HELSINKI, Finland — Nokia said Friday that it will achieve substantial savings by shifting some of its handset manufacturing from the United States to lower-cost facilities in South Korea and Mexico and cutting 800 U.S. jobs.
The move by the world's largest cell phone maker is part of a seismic industry shift of handset production from high-cost European and North American plants to low-cost factories in Eastern Europe, Mexico and Asia.
"As a result of this change, Nokia's employment in North Texas will decrease by approximately 800 full-time employees at its two Texas-based manufacturing facilities over the next five months," the Finnish group said.
The job cuts would reduce Nokia's Texas work force by almost a seventh from 5,500 employees, 3,000 of whom work at its main Alliance plant in the Dallas-Fort Worth area.
"The cost savings are substantial," Nokia Mobile Phones spokesman Tapio Hedman said, although he declined to quantify them.
The announcement about a half-hour before the Helsinki bourse closed had no big effect on Nokia's share price.
But Nokia's Wall Street-listed American depositary receipts fell amid tech stock weakness and closed down $1.77 at $32.60 on the New York Stock Exchange.
Nokia said that it recently had increased the capacity at its U.S. factories by installing newer machinery, and that it expected to achieve higher volumes than before with less labor.
The Texas operations will be consolidated in Alliance, and part of the production at Alliance will be shifted to facilities in Mexico and Korea, Hedman said. A second plant will close in Fort Worth, and Nokia will lease the space, the company said.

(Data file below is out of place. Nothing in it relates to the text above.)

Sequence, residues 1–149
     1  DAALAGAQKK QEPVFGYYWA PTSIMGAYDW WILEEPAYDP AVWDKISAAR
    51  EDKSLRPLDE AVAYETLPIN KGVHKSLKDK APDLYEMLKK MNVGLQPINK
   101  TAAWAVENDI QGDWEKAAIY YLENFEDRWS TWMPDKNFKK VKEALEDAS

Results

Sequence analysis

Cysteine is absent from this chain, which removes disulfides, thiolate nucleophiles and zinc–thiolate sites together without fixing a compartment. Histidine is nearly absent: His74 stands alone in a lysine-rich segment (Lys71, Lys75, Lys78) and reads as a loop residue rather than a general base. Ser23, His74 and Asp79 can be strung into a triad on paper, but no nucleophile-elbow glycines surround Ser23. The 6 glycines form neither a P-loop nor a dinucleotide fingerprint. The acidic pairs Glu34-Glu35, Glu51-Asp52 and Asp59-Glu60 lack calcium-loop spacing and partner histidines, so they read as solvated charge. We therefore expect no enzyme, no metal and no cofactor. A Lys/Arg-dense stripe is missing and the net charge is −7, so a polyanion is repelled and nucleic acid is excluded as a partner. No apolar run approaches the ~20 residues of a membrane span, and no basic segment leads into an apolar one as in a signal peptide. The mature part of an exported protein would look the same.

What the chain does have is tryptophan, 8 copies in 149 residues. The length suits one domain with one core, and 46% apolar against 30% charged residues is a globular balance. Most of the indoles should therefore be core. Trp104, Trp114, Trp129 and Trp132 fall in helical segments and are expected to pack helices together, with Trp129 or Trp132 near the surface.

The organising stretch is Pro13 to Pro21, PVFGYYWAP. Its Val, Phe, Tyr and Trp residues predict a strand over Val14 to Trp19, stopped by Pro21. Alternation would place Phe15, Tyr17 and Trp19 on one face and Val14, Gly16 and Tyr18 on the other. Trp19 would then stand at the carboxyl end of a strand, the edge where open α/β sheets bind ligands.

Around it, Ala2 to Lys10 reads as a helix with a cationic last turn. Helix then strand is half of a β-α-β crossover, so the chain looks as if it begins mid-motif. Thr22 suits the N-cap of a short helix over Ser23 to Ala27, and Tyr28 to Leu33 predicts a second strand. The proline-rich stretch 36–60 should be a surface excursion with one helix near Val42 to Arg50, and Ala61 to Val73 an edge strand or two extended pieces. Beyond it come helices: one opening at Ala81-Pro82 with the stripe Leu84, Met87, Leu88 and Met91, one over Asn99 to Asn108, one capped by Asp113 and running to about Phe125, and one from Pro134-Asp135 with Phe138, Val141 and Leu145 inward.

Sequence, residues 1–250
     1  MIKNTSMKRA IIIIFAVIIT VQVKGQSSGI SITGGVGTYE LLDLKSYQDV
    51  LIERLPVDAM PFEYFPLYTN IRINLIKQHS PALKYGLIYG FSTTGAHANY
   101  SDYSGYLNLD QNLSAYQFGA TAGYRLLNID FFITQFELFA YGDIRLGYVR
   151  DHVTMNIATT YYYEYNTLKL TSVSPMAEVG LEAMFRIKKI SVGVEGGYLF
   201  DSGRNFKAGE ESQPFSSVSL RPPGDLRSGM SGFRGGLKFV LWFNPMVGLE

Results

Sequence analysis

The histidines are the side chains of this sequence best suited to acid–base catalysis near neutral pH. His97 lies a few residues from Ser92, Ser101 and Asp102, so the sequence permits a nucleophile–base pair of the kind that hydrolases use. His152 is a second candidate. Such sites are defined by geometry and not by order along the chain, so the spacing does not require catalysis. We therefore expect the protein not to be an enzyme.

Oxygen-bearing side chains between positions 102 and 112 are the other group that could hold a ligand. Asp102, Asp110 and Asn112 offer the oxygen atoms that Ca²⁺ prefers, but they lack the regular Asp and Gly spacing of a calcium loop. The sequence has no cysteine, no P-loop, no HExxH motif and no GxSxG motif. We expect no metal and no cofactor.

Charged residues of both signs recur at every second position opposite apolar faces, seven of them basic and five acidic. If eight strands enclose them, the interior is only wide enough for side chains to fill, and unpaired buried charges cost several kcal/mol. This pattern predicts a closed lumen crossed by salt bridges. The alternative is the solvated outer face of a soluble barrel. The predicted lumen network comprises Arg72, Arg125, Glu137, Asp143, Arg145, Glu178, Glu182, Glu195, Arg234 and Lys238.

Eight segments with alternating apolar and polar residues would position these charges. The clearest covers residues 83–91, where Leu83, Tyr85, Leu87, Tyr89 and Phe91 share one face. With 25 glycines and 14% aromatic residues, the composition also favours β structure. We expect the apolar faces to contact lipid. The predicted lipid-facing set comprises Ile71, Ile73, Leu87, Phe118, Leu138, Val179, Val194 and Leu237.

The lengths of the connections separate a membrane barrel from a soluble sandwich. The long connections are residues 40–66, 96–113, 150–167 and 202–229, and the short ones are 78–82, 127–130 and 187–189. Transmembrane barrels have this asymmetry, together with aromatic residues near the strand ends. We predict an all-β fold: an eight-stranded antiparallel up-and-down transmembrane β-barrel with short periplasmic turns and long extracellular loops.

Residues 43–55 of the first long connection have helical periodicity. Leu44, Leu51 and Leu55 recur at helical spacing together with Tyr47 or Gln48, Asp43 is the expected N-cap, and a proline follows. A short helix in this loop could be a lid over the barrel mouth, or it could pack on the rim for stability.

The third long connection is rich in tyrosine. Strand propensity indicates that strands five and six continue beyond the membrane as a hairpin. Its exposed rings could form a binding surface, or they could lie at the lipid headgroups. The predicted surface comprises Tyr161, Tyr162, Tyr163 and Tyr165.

"In the past few years, we have invested significantly in new production technology and processes within these other facilities, and it is clearly more cost-efficient to produce the volumes there," Hedman said.
The move confirmed Nokia's remarks earlier this week that it would seek to move production to countries with lower labor costs.
Nokia managers also said earlier this week when reporting 2000 earnings that the company might seek to increase outsourcing of handset production to 20% from the current 10%.
Nokia's Swedish rival Ericsson, the world's No. 3 handset producer, last month said it would turn the bulk of its cell phone production over to contract manufacturer Flextronics, which plans to shift the work to low-cost countries.
Also last month, U.S.-based Motorola, the No. 2 wireless phone maker, announced plans to move its last U.S. handset manufacturing production plant to factories in Mexico and China.